Author: LIU Hailing, Lecturer, Zhejiang University of Technology; Ph. D. Candidate, School of Humanities, Zhejiang University
This essay focuses on the origins of the strategy of cultural adaptation adopted by the Society of Jesus in Catholic mission history, by studying how local people worked as missionary assistants in Francisco Xavier’s time. Through a historical and horizontal analysis of the contents and features of missionary works by assistants, including Indian theological students, and Yojiro (or Anjiro, 弥次郎) and Ir. Lourenco(洛伦佐了斋)in Japan, the article explores the practical impact of Francisco Xavier in mission in India and Japan. As the use of local assistants progressed from a “passive use” to an “active training,” this inevitably helped bring about the emergence of the early “dōjuku” (Acolyte) practice, and provided essential experience for the institutionalization of this practice in the time of Valignano, as well as for Matteo Ricci’s missionary operation in China.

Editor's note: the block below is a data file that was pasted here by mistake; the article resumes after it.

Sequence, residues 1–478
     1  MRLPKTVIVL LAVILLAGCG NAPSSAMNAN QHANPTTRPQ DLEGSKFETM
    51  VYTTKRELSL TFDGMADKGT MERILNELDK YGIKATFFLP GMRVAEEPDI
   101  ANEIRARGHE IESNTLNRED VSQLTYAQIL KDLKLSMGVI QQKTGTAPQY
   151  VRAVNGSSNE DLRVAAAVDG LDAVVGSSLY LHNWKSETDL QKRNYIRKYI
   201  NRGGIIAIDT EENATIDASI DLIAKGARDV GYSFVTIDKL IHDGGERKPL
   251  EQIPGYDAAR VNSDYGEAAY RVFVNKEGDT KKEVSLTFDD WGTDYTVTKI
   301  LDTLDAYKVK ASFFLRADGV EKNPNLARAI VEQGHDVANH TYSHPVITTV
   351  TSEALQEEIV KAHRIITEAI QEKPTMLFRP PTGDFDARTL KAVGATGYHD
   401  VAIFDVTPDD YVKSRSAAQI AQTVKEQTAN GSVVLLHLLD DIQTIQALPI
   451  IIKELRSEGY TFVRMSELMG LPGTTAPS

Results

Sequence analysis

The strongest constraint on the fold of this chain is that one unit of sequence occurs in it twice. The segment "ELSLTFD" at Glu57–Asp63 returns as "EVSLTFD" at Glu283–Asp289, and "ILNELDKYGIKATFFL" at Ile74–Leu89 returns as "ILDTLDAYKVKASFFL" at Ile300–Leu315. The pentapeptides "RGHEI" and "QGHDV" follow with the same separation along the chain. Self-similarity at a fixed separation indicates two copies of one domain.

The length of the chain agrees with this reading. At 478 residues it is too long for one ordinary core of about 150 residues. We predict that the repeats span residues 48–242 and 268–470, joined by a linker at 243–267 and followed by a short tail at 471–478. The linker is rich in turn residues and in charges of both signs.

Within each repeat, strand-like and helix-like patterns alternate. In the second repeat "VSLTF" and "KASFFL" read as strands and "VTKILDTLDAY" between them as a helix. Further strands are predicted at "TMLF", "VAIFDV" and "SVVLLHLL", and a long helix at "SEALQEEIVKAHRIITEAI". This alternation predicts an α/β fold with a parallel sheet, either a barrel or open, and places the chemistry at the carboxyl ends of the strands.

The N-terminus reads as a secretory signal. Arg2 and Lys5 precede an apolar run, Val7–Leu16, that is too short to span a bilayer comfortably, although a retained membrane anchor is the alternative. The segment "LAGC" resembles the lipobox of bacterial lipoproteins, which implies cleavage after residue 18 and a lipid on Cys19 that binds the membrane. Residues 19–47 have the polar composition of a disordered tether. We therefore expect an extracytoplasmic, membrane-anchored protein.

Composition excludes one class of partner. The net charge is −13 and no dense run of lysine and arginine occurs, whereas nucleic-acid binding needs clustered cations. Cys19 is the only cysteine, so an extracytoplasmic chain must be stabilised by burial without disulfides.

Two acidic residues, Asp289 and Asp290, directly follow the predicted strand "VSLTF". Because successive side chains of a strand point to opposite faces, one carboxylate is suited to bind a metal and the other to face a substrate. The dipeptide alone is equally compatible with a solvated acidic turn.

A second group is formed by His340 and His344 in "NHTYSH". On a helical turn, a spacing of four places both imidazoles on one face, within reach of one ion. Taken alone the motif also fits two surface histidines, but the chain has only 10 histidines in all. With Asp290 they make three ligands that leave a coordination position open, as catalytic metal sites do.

Strategy of Cultural Adaptation, Localization of Church, Francisco Xavier, Dōjuku, Embryo
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